Hours

CurbsideStill available
Monday9-6; curbside service available
Tuesday9-4; curbside service available
Wednesday9-6; curbside service available
Thursday9-4; curbside service available
Friday9-4; curbside service available
SaturdayClosed
SundayClosed

Reviews for Forever Young

by Hayley Mills

Book list
From Booklist, Copyright © American Library Association. Used with permission.

The iconic star of Pollyanna and The Parent Trap recalls her rise to stardom, her experiences on set, and her friendship with Walt Disney in this endearing memoir. The daughter of British actor John Mills and writer Mary Hayley Bell, Mills grew up in the English countryside and was given her first film role at the age of 12 when the director of the film Tiger Bay decided to cast her alongside her father. That turn caught the eye of Walt Disney, who offered her the role of Pollyanna and a seven-picture deal, laying claim to Mills' formative years and also casting her as the twins in The Parent Trap, a big hit, and a classic. As Mills grew into her teens, she became constrained by the saccharine image she was forced to adhere to in her Disney films, which cost her edgier roles in films like Lolita. She also shocked both her family and the public by marrying a director 32 years her senior. A warmhearted peek behind the curtain at youthful fame and filmmaking in the 1960s.


Publishers Weekly
(c) Copyright PWxyz, LLC. All rights reserved

Golden Globe Award-winning actor Mills debuts with a mesmerizing look at her “golden years” as a child star in the 1960s. The middle child of British actor Sir John Mills and playwright Mary Hayley Bell, Mills enjoyed an ordinary childhood until she was chosen at age 12 to star in family friend and director J. Lee Thompson’s 1959 thriller Tiger Bay. That same year, Hayley signed a seven-picture deal with Walt Disney. Shuttling back and forth between boarding school and film sets—and playing the leads in, among other movies, Pollyanna (1960) and The Parent Trap (1961)—Mills rose to international fame by age 16, receiving an Honorary Oscar in 1961. “For better or for worse,” she writes, “I’d literally grown up in Disneyland.” With a novelistic eye for detail and a disarming sense of humor, Mills illuminates her extraordinary past while evoking the lost empire of mid-20th-century Hollywood. Along the way, she underscores how there was a price to be paid in family tensions; public growing pains; missed opportunities—including the title role in Stanley Kubrick’s Lolita (“to be a Disney Star meant being family friendly”)—and fraught relationships, such as her romance with the much older producer-director Roy Boulting. The result is a luminous work commensurate with the unforgettable movies that made Mills an icon. (Sept.)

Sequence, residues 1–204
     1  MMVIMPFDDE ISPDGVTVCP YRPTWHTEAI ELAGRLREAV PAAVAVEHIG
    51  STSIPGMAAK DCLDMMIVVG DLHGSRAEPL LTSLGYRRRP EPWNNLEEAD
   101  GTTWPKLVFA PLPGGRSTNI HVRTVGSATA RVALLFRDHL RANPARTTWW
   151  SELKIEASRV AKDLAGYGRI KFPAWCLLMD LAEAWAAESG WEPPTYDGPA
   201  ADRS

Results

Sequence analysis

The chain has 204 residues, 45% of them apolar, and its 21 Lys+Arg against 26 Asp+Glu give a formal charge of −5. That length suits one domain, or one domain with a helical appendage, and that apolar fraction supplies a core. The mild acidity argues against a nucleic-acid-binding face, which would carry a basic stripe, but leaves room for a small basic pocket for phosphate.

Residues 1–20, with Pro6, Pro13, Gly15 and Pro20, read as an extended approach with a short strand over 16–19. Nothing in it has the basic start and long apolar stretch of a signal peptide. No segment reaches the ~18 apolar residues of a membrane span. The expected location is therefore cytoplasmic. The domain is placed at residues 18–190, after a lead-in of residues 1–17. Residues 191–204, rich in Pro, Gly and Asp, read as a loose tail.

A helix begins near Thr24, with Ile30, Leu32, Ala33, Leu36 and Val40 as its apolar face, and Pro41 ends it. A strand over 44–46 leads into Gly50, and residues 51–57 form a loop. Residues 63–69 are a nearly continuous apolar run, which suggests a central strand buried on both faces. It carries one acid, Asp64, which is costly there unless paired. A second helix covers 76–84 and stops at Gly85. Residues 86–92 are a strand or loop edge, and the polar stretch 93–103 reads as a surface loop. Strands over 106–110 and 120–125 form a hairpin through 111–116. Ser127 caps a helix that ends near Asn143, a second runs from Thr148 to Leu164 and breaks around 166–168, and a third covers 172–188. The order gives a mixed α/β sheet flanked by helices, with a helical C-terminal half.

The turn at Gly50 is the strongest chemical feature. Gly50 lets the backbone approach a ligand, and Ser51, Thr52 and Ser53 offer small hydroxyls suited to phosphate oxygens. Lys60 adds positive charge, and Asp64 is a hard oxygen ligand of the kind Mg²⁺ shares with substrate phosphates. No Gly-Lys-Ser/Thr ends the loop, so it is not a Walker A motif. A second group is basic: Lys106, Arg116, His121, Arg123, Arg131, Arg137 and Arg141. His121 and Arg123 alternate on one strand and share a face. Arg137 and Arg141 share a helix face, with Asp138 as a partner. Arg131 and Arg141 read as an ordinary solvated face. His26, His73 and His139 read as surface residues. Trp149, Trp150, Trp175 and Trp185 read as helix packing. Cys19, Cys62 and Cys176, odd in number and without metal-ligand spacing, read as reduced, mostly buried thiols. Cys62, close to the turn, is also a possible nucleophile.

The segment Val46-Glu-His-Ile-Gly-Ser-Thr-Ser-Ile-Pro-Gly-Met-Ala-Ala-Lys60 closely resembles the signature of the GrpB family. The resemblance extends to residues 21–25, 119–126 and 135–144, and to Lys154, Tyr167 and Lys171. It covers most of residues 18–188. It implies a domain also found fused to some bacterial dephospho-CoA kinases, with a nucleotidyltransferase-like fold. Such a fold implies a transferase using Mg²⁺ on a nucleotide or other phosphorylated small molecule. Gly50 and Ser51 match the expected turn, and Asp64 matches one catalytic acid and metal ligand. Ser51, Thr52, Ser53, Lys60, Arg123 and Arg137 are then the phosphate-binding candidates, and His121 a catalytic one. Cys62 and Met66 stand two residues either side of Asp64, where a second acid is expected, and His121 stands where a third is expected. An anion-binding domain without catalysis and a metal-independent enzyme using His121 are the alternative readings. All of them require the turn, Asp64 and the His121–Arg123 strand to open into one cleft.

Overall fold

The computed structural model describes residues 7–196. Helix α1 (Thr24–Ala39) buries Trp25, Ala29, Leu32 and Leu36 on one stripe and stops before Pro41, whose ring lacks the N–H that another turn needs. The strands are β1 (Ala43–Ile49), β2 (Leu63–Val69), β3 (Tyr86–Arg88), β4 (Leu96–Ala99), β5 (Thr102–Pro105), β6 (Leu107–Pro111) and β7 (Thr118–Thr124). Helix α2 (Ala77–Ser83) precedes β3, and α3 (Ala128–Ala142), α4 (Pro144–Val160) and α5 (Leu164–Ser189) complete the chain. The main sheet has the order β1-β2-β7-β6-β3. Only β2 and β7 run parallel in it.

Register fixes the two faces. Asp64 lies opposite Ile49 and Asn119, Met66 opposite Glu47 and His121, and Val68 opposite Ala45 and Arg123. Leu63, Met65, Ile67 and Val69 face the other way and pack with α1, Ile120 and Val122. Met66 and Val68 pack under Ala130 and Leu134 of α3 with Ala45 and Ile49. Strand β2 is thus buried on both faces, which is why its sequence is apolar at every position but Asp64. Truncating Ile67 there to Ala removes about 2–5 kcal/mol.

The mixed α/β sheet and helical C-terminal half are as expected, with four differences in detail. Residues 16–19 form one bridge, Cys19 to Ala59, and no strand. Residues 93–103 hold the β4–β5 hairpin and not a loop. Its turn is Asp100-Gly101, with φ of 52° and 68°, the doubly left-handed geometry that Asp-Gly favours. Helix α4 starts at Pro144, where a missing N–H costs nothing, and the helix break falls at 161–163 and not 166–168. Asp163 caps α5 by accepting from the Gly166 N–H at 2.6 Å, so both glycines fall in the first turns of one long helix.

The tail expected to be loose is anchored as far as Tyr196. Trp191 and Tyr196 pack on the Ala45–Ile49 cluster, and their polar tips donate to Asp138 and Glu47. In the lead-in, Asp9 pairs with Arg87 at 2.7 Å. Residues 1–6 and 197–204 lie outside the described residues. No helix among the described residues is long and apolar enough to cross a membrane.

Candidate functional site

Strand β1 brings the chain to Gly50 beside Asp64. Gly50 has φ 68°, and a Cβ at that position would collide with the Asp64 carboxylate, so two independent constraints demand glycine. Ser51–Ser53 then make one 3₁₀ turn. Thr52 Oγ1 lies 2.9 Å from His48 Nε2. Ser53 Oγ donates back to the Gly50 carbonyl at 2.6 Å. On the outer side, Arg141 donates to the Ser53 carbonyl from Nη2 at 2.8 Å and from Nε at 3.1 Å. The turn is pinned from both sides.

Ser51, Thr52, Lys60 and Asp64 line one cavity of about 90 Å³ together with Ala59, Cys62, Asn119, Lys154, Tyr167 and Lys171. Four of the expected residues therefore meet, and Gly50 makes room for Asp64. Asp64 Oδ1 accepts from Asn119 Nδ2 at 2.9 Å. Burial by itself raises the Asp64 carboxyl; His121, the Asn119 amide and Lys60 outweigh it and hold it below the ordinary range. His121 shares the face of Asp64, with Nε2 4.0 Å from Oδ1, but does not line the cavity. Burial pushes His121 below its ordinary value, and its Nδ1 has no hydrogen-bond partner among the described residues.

Library Journal
(c) Copyright Library Journals LLC, a wholly owned subsidiary of Media Source, Inc. No redistribution permitted.

Child star Mills's charming and eloquent walk down memory lane is a fascinating study of moviemaking in 1960s Britain and the United States. Born in London to legendary actor Sir John Mills and actress/writer Mary Hayley Bell, she was cast in Tiger Bay at 12 and became a star for Disney, with hits including Pollyanna and The Parent Trap. Plagued by self-doubt and a fear of upstaging her beloved father and her twin sister Juliet (who costarred with her in The Parent Trap), as she received accolades for her work (including an Oscar before her father), Mills grappled with depression, suicidal thoughts, and bulimia. Leaving home, she embarked on a love affair with director Roy Boulting, who was 32 years her senior; took on adult roles that proved disastrous; and tried her hand at theater. Mills conveys the excitement of being a young starlet—dating Frank Sinatra Jr. and George Harrison and touring Disneyland with Disney himself—but also addresses the darker side of fame: She was the victim of death threats and had conflicted feelings about her alcohol-addicted mother and her father, who downplayed her success and eventually lost all of her money. VERDICT Movie buffs will be riveted by Mills's behind-the-scenes tales.—Lisa Henry, Kirkwood P.L., MO

Back